According to the U.S. Department of Commerce, employment within STEM (science, technology, engineering, and mathematics) fields is expected to grow by 17.0% from 2008 to 2018, compared to the 9.8% growth rate of non-STEM related jobs[i]. STEM-related careers have become synonymous with innovation, technological advances, start-up ventures and careers of the future. Additionally, with the advent of STEM type careers, there has been the introduction of developing efficient products and user-friendly apps, cost-effective therapeutic options, STEM has been associated with developing solutions to problems that the greater public faces. However, within this developing field, there remains a troubling statistic: gender disparity within STEM-related jobs and the lack of opportunity for women to advance within their careers.
Based on “Women in Science[ii]” the interactive report from the United Nations Educational, Scientific and Cultural Organization, women remain underrepresented in research-based careers in every region of the world; only 30% of researchers are women. The interactive report further points out that 1 in 5 countries have “achieved gender parity” in science-related careers where 45-55% of researchers are women. The report also indicates that more women are entering STEM-related undergraduate programs in Canadian universities however few are progressing into the workforce be it academically or industry wise. Statistics point out that while more women are registering in undergraduate education, few pursue careers within their chosen field of education, particularly STEM-related careers. This reality has been observed within Canadian universities, this past year record-high female enrollment was seen in first-year engineering programs at both the University of Toronto (30%) and University of British Columbia (29%), and yet only 12% of Canada’s 280,000 professional engineers are women[iii].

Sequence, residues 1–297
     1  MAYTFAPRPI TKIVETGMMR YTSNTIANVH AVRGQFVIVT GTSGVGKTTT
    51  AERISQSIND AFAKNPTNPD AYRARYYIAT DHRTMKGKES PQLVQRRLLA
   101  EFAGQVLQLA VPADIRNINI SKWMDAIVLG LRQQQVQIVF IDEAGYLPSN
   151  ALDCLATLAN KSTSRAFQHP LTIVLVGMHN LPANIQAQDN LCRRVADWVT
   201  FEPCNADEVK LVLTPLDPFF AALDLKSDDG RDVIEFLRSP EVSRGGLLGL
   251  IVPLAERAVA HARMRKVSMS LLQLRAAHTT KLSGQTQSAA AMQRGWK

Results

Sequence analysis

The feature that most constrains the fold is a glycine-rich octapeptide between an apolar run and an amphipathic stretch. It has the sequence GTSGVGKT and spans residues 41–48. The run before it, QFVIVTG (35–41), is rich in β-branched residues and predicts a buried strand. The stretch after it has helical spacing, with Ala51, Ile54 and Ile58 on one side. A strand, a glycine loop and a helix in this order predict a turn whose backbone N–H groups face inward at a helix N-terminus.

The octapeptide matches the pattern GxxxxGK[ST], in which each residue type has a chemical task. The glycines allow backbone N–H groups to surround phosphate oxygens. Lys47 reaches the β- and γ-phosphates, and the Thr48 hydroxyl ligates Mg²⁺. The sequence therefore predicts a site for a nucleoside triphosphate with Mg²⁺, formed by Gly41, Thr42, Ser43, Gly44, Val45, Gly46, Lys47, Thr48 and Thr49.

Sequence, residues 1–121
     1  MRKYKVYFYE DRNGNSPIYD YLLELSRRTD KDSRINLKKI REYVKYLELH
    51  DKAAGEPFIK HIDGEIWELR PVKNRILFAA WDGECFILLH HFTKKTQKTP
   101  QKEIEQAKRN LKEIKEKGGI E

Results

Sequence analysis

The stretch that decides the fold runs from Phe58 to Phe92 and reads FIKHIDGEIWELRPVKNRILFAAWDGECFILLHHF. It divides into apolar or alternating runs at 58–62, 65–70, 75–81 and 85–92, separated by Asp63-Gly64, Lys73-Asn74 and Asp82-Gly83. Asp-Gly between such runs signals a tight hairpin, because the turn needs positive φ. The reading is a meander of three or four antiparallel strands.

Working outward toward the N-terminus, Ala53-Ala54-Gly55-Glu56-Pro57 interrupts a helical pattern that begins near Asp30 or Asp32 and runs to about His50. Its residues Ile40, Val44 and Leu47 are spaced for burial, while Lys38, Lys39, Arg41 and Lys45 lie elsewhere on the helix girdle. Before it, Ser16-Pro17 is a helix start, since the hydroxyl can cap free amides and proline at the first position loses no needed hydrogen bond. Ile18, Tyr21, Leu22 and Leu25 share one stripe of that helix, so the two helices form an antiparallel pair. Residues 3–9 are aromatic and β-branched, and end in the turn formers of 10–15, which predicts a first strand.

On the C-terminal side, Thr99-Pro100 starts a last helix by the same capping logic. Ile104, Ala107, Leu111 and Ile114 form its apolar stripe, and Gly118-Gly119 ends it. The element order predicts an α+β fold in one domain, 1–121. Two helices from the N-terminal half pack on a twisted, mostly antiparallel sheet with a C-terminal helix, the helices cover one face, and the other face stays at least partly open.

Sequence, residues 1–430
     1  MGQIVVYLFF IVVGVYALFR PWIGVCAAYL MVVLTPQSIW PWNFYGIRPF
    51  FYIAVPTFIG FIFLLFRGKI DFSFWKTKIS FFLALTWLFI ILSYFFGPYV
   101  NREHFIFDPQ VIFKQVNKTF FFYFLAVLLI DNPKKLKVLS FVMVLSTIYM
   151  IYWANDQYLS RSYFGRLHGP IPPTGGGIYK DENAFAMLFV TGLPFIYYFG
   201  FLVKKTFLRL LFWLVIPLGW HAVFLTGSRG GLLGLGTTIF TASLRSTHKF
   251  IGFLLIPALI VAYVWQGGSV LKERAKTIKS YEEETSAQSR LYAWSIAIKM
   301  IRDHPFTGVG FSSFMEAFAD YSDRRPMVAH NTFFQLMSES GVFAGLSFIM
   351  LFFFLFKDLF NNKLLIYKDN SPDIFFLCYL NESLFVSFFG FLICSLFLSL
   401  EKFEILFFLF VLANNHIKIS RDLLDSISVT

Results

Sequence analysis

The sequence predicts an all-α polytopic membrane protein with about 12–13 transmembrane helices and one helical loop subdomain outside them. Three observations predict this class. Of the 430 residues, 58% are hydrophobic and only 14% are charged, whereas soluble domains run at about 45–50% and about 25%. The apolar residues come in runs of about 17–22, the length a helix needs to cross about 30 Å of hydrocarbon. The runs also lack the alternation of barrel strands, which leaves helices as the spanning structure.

The questions begin here; if record high numbers of women are enrolling into STEM-related programs why is it not translating into the professional workforce? What are the obstacles and barriers to seeing higher numbers of females in STEM? This occurrence, losing women at different stages of the STEM career pathway, has been dubbed the “leaky pipeline effect” the reasoning as to why this effect occurs has to be fully determined. One particular explanation described by Dasgupta and Stout’s paper “Policy Insights from the Behavioral and Brain Sciences” notes that woman face various barriers at different stages of their lives (i.e. professional, societal and structural) that prevent them from further pursuing a STEM-related career[iv].